At French Open, maintaining clay courts is a full-time job

By Jon Brand
Wednesday, June 2, 2010;

PARIS -- During the first rain delay of the French Open last week, most eyes were on defending champion Roger Federer as he walked off the Philippe Chatrier court to seek refuge from the downpour. Few saw Gérard Tiquet, the chief groundskeeper at Roland Garros, heading in the opposite direction.

Calmly but quickly, Tiquet and his team rolled out two green tarps over the playing surface and then covered the net. When the rain subsided 15 minutes later, they removed the tarps, revealing the brilliant red terre battue beneath.

Terre battue, which means "beaten earth" in French, is a mixture of crushed brick -- made of fired red clay -- and tile. It is a finicky surface that requires devoted attention to keep it in top shape. Rain, sun, extreme temperatures, players' feet and pigeons are all enemies.

Tiquet is responsible for the state of the tennis complex's 20 courts, a year-round position that continues well beyond the French Open, throughout the summer's various national competitions. He arrived at Roland Garros in 1993, fresh off raising trees at a large nursery outside of Paris. From the start, he has found the jobs analogous.

"Taking care of a garden and tending to terre battue, they both require the same type of work," Tiquet said before matches started last Thursday.

During the tournament, the workday is long. The crew -- which grows from 17 workers on the grounds to nearly 100 during the French Open -- arrives around 6 a.m. to uncover the courts and get them ready for the first matches at 11. Before and after each match, as well as between sets, they rush the court with meshed drag mats, erasing footprints and smoothing the clay. Brooms are used to clear the lines of terre battue.

Often during the day, workers spray down the courts with water, much like an infield crew would do before a baseball game. In the evening the courts are watered more heavily and covered so that they don't dry out and harden overnight. During the series of weather delays that plagued the tournament last week, the teams were tasked with keeping the courts dry. In addition to tarps, they use towels to pick up excess water, a task that hearkens back to an earlier era of groundskeeping in Paris.

"They didn't always have tarps; they used towels and brushes to try and dry the surface out," veteran tennis broadcaster Bud Collins said. "Or they would just wait."

Each court has a place for the grounds crew to rest; in the stadiums, they even have couches for naps.

Despite the extensive daily workload during the French Open, Tiquet said it's just routine touch-ups on the surface after months of preparation. The heavy lifting starts in April, when Tiquet and fellow groundskeepers drive large tractors onto the courts, hitch a harrow to the back of each one and break up the thick layer of white limestone normally hidden from sight by the dusting of crushed red brick.

Though tournament organizers say that the red layer is essential -- uncovered white limestone would blind players on sunny days -- it seems otherwise aesthetic, a nod to history.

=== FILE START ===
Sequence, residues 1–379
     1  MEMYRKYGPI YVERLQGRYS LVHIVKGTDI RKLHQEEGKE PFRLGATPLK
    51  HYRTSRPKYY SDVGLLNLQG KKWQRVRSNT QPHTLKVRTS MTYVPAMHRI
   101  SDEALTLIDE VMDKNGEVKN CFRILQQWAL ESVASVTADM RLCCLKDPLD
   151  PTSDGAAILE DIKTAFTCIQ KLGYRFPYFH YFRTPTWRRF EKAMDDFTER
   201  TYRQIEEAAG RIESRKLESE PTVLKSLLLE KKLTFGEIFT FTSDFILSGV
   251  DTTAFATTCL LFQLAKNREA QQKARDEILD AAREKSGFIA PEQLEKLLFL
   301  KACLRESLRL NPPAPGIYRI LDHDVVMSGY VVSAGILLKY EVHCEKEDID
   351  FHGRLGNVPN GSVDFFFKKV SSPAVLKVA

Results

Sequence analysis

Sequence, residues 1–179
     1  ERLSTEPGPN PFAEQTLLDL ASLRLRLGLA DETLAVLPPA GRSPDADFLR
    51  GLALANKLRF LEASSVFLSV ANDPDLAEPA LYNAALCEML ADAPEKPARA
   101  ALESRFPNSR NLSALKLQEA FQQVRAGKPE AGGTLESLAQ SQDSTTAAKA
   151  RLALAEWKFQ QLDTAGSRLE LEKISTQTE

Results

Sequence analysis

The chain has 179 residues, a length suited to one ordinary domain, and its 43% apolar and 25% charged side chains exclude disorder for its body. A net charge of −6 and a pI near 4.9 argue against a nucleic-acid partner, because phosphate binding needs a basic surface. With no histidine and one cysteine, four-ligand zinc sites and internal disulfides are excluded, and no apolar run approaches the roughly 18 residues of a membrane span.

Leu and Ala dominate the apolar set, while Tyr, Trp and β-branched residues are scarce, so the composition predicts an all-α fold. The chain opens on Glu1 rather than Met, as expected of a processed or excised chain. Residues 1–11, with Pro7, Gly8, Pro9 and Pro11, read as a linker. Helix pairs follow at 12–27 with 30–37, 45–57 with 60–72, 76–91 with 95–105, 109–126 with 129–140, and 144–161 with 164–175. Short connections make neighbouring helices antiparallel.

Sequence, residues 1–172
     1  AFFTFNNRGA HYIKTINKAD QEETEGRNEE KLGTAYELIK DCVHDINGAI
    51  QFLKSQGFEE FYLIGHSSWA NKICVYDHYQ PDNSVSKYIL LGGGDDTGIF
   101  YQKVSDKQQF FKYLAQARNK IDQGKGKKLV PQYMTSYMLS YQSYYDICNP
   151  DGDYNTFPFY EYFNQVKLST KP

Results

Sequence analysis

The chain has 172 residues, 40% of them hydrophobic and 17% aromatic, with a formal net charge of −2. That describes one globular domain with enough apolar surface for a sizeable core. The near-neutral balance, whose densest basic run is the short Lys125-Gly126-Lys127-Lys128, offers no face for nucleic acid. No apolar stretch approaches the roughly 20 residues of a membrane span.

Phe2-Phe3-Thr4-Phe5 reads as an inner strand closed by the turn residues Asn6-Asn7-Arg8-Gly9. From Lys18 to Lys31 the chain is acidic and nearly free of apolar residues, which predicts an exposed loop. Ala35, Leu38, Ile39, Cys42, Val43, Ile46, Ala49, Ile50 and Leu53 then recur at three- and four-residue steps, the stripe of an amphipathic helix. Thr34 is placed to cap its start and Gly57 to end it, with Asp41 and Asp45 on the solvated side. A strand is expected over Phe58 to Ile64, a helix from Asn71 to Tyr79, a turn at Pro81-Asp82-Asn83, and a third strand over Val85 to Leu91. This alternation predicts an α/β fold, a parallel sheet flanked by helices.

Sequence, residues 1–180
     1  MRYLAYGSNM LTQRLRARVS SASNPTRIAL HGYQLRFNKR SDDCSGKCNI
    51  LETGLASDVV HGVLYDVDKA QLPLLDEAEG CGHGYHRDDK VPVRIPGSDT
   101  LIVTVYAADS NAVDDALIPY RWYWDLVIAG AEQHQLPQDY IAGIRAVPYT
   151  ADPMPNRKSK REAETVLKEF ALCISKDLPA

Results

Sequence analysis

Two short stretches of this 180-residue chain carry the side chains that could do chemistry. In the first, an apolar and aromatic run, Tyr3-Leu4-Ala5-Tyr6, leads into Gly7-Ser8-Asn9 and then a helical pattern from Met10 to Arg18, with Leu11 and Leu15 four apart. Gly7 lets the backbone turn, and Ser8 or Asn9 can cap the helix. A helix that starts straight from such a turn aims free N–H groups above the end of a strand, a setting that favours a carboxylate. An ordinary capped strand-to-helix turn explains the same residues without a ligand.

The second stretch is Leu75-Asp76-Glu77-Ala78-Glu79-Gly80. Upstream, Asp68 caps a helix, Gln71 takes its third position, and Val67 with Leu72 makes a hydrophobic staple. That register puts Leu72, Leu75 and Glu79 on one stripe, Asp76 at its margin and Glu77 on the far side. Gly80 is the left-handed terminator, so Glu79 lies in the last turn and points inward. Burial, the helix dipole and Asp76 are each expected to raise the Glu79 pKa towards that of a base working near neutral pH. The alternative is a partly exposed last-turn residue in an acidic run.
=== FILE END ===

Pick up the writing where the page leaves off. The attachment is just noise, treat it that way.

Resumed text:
About 130 years ago, the first clay tennis court was built in Cannes on the French Riviera. Ernest and William Renshaw, two English brothers who reigned during lawn tennis' first era, saw their newly built grass court yellowing in the Mediterranean sun and needed a quick solution.

They found some discarded terra cotta pots, crushed them into a fine powder and spread it directly over the grass. Despite some uneven bounces, the reddish surface was playable; the phenomenon spread around Europe, then the rest of the world.

Now the limestone, along with layers of large pebbles, gravel and a moisture-absorbing volcanic rock known as clinker, comprise the bulk of the playing surface. Just two millimeters of the red powder is added to each court.

"The topping is just for the comfort of the players, but we can't have too much," Tiquet said, "because it would make for an uneven surface and odd bounces."

After the courts are set, they are tested before the masses arrive for the French Open. This year, French stars Jo-Wilfried Tsonga and Richard Gasquet were among the professionals who stopped by Paris early to give Tiquet's work their stamp of approval.

"When they tell us that the courts are in good shape, that's the best moment," he said. "Because it's the worst if they tell us anything less than that."

The varied weather last week -- hot and sunny one day, cool with downpours the next -- prompted some players to gripe about the surface. "It's true that there's much less terre battue than normally," Frenchman Florent Serra said after a match in scorching temperatures, when the courts were playing fast.

Tiquet realizes he can't cater to every player's needs during the week; his main goal throughout the tournament is simply to maintain a consistent level of quality. If he can do that, without anyone or anything significantly damaging the courts, his job is done.

He is also content if he can take a break to watch a little bit of tennis between phone calls and rain delays. Tiquet says he has seen a lot of great matches over the years, but his favorite memory, unsurprisingly, involves the red surface.

When Brazilian Gustavo Kuerten won his third and final title at Roland Garros in 2001, he used his racket to draw a big heart in the clay and promptly fell backwards into it, spent.

Tiquet, watching from near his office underneath Philippe Chatrier, was touched.

"That will rest in my spirit forever," he said.

Then he went out and smoothed over Kuerten's handiwork.

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